Yield (as of August 4): 2.6%
52-week high: $34.83
52-week low: $21.89
5-year dividend growth rate: 10.0%
Last dividend increase: 7.1% in September 2012
Also pays in: June, September, December
Intel (INTC), which makes semiconductors and processors, is one of tech’s most committed dividend-payers, though its last increase was in 2012. Intel is fighting slowing growth in sales of desktop and laptop computers--its largest sources of sales and profits—and as it makes inroads into smartphones and tablets, its cash flow will grow and higher dividends should follow.
Yield (as of August 4): 2.2%
52-week high: $73.79
52-week low: $62.75
5-year dividend growth rate: 9.0%
Last dividend increase: 8.8% in November 2013
Also pays in: July, October, January
The world’s leading maker of spices and flavorings, McCormick (MKC) grows steadily in part by taking over competitors’ brands and introducing American favorites to the rest of the world. Its profit margin is more than twice that of the meatpackers whose steaks and chops star in McCormick’s recipes. Plus, the company has little debt.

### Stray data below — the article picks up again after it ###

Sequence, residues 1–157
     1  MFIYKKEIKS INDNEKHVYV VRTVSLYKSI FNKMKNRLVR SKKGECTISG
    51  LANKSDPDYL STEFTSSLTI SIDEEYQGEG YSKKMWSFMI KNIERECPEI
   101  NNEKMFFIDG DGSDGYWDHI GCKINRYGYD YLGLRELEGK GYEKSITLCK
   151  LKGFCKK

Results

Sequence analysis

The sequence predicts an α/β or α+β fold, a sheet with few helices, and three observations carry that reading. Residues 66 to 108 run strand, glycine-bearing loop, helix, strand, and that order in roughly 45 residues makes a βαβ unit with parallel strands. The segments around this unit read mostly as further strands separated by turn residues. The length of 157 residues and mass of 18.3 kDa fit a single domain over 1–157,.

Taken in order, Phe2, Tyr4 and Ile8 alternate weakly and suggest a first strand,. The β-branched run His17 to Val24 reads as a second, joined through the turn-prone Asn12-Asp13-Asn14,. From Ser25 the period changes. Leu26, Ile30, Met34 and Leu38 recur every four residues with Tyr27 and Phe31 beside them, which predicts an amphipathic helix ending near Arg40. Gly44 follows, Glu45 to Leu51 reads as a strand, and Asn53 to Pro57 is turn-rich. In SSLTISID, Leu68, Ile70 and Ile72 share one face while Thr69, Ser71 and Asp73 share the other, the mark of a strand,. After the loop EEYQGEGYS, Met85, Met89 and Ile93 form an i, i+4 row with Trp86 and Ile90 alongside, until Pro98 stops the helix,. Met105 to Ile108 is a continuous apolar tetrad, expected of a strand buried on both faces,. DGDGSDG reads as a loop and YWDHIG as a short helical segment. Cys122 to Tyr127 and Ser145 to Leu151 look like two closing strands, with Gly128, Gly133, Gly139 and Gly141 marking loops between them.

Yield (as of August 4): 3.2%
52-week high: $85.82
52-week low: $73.61
5-year dividend growth rate: 7.9%
Last dividend increase: 7.0% in April 2014
Also pays in: August, November, February
Procter & Gamble (PG) is the archetypal solid, predictable, low-stress growth stock. It is so huge that a 7% to 10% dividend growth rate may be all you can expect — but that's good enough considering that it usually yields more than 3%.
Yield (as of August 4): 2.3%
52-week high: $82.25
52-week low: $66.23
5-year dividend growth rate: 27.0%
Last dividend increase: 39.1% in June 2014
Also pays in: Every month